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As you come out of the east end of the chapel into the nave, you will see our memorial table (21). This was bought after Wesley Southbank Rd’s centenary and flower festival and given by Frances Thomas in memory of her parents, and the Memorial book inside is very significant for many in our congregation and many people choose to have the names of relatives inscribed in it following a funeral. The flower pedestal that is often nearby was given in memory of Mary Wilkinson. Between the vestries and the Chancel is an alabaster wall memorial for the years 1914-18. (22) It contains the names of 247 men who served in the forces and 35 who gave their lives. Above it is a full-sized angel figure bearing in one hand the palm of victory. The Easter Candle stand, next to it, was given by Kath Pullen in memory of her parents. There is access to the former choir vestry and the clergy vestry to the right of the war memorial.
Please scroll down the page to learn about the Chancel
The Chancel is accessed via the dwarf alabaster walls, (23) again donated in memory of Roger and Agnes Grundy by their daughter Jane, who also donated other items in the chancel. The chancel is full of beautifully crafted wood, beginning on the right hand side with the Priest’s stall which contains carved figures of two angels. These portray both prayer (24) and praise (25). Opposite on the North side, the oak desk is embellished with four similar figures which depict the four attitudes adopted in prayer: adoration, penitence, supplication and intercession. (26)
The beautifully crafted Choir Stalls were made by the firm of Hemms of Exeter (27/28) At the east end of the stalls, the figures of a trumpeter (29) and a harpist (30) adorn the ends. Some of the carving and stained-glass are described by an expert as of ‘Cathedral quality’ and if you look around the sanctuary area you will see why. The Sanctuary walls are all panelled crafted in oak and were the gifts of Emily Calvert and Jane Allan, and the east wall, the gift of the congregation (31).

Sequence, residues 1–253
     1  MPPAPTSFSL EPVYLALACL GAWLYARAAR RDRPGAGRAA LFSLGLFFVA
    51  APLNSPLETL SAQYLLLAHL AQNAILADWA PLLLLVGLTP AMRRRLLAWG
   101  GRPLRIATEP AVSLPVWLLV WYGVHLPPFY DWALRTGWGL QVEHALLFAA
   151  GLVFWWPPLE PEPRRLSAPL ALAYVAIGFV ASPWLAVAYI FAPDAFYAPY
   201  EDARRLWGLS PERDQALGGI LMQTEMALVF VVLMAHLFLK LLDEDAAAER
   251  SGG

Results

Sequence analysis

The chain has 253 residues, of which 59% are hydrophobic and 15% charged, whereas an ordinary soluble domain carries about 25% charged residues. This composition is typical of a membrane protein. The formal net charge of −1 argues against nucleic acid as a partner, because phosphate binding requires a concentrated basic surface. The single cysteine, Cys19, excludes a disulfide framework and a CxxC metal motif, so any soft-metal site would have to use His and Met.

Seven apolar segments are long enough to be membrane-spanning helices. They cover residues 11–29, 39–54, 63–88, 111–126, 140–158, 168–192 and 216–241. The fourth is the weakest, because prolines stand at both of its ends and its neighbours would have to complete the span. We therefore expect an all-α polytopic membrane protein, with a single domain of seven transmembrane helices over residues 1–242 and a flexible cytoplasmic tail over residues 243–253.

The Holy Table is beautifully carved in Austrian oak, and another gift from the Misses Macrae. In the centre are a chalice and paten with the Alpha and Omega, separated by uprights on which wheat and wine are depicted (32).The oak reredos, given by Mr James Bradburn, is carved in relief and is a copy of Leonardo da Vinci’s well-known picture of the Last Supper (33). The re-table panel, the gift of Mrs F Brooks, sums up the Gospel with the carved words ‘God so loved the world’. The 3’ high brass cross that sits in it was presented by Mary Littler in 1920.
Above all the carved woodwork is the towering East window (34). The upper part represents Jesus at home in Bethany in the house of Mary, Martha and Lazarus, with panels of faith and hope on either side. The lower part comprises five lights of Saints Matthew, Mark, Luke and John and the figure of St Philip, the patron saint of the original church. Beneath it is the inscription “Erected to the Glory of God and in thankful memory of Divine Mercy and Pastoral Care by Mary Henderson. CH Hatfield MA Vicar 1891”
Stained glass windows on either side of the sanctuary portray on the south side, the ‘Good Shepherd’ and the ‘Light of the World’ (35) and on the north side, ‘The Bread of Life’ and ‘The True Vine’ (36). The South Window was given by Mary Littler in 1927 “for the greater glory of God, an offering of thanksgiving” and the north “in affectionate memory of Emily Calvert, who died January 1927, beloved and honoured by her daughter Annie, who gave this window”. Beneath the window on the north side is the Bishop’s Throne (37) given in memory of Thomas Littler. In the past there was a three manual pipe-organ in the chancel, but this is no longer there, though some of the pipes still remain (38).